Basalt and other mafic rocks were mechanically split or broken to get the required sizes for the wall and dome areas.

Design features

Two different designs are standard. One is with an abutment for the dome-building stones. These huts have a high, straight wall and a relatively flat roof. This appearance from the outside is somehow misleading, as the dome inside the hut has the exact dimensions of a stone hut without an abutment.

Picture: © Municipalities of Raccuja, Montalbano Elicona, Floresta, and San Piero Patti, see this link

The other design variety of a stone hut is without such an abutment. The roof appears higher and more rounded from the outside than the design variety with an abutment.

Picture: © Municipalities of Raccuja, Montalbano Elicona, Floresta, and San Piero Patti, see this link

Generally, the stone huts consist of a foundation base, a straight ring-like wall with an entrance, and a roof in the shape of a pseudo-dome, which is finally closed up by a stone slab. The biggest outer diameter measured for these huts was 3,8 m / abt. 4.2 yards.


As mentioned, the builders always strived to build the stone hut directly on a lava flow for stability. However, as these huts were preferably erected on a slope to avoid waterlogging, a stone base of massive rocks had to be prepared for leveling the walls.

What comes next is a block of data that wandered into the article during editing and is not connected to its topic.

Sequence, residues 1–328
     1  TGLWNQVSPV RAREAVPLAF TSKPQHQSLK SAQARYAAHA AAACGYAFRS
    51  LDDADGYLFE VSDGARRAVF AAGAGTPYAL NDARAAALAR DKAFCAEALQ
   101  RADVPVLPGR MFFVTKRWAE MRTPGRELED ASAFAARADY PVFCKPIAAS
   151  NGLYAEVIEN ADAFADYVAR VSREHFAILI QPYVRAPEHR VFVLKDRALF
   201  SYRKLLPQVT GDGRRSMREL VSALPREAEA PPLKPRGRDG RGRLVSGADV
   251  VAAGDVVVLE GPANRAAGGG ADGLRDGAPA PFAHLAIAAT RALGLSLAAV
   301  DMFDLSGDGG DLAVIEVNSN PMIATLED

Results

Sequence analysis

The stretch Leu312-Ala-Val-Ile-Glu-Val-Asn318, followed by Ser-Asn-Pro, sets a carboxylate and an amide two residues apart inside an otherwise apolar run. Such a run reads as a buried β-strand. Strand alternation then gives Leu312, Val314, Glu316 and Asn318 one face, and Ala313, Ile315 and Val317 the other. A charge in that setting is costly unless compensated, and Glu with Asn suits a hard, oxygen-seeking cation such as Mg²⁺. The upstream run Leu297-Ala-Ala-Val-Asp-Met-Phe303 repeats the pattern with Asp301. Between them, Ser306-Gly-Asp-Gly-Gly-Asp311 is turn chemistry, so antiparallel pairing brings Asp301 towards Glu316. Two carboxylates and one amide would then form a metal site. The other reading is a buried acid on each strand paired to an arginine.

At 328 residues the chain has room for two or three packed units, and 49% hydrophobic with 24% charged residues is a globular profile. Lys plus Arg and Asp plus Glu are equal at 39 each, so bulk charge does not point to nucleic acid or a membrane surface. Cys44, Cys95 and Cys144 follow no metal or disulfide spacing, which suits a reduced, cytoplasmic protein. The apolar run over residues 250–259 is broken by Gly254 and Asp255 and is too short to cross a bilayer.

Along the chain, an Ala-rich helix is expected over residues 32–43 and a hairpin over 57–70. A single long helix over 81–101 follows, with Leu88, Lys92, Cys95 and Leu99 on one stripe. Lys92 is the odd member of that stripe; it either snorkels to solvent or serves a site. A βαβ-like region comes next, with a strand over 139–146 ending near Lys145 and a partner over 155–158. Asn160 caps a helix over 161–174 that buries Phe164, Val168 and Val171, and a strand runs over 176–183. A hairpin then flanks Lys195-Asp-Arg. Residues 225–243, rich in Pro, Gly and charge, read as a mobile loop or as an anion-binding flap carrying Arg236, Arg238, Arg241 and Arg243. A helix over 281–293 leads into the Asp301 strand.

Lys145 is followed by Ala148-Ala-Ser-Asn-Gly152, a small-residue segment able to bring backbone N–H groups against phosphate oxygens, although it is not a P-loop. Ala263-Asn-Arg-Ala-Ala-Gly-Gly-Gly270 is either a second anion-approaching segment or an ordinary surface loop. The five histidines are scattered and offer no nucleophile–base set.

Wall and entrance opening

The wall itself consists of rings of two stones, which are interlinked by the stones from above. The average thickness of the wall is about 80 cm / 2.6 ft. This leaves a net inner diameter within the hut of about 220 cm / 2.4 yards. Standing up fully in the middle was possible in five of the six stone huts visited. In one of them, only a crouching position was possible.

Two different variations of the entrance design have been found: lintel beams and triangular arches. However, none of the so-called trilithic entrance designs, as described throughout the literature, was found. A trilithic entrance design uses two upright stones and one beam above.


The dome design was already discussed earlier in variations with and without an abutment. The remaining center hole had to be covered by a flat slab of rock that was light enough. This was challenging to obtain in an area covered by massive lava flows. Therefore, this center hole was frequently left open, with the advantage of getting light into the dwelling and an updraft of fresh air.

Stone hut assemblies

Most of the stone huts were found either free-standing or arranged in combination with stone walls. On my visit to six Cubburi, a second stone hut was built on another hut’s wall at two of them. The reason could have been that the first hut was too small for a family and had to be enlarged. Another possibility would be that sheep sought protection from weather or predators in one hut, and in the second one, the shepherd put up his dormitory.

Lessons learned from stone huts at Mount Etna in Sicily

  • Dry-stone masonry was utilized to build stone huts from basalt rocks on the northern part of Mount Etna.
  • Such huts were already built in pre-Hellenic times and most abandoned in the 1930s.
  • Most of these huts are located on private properties and are not being maintained further.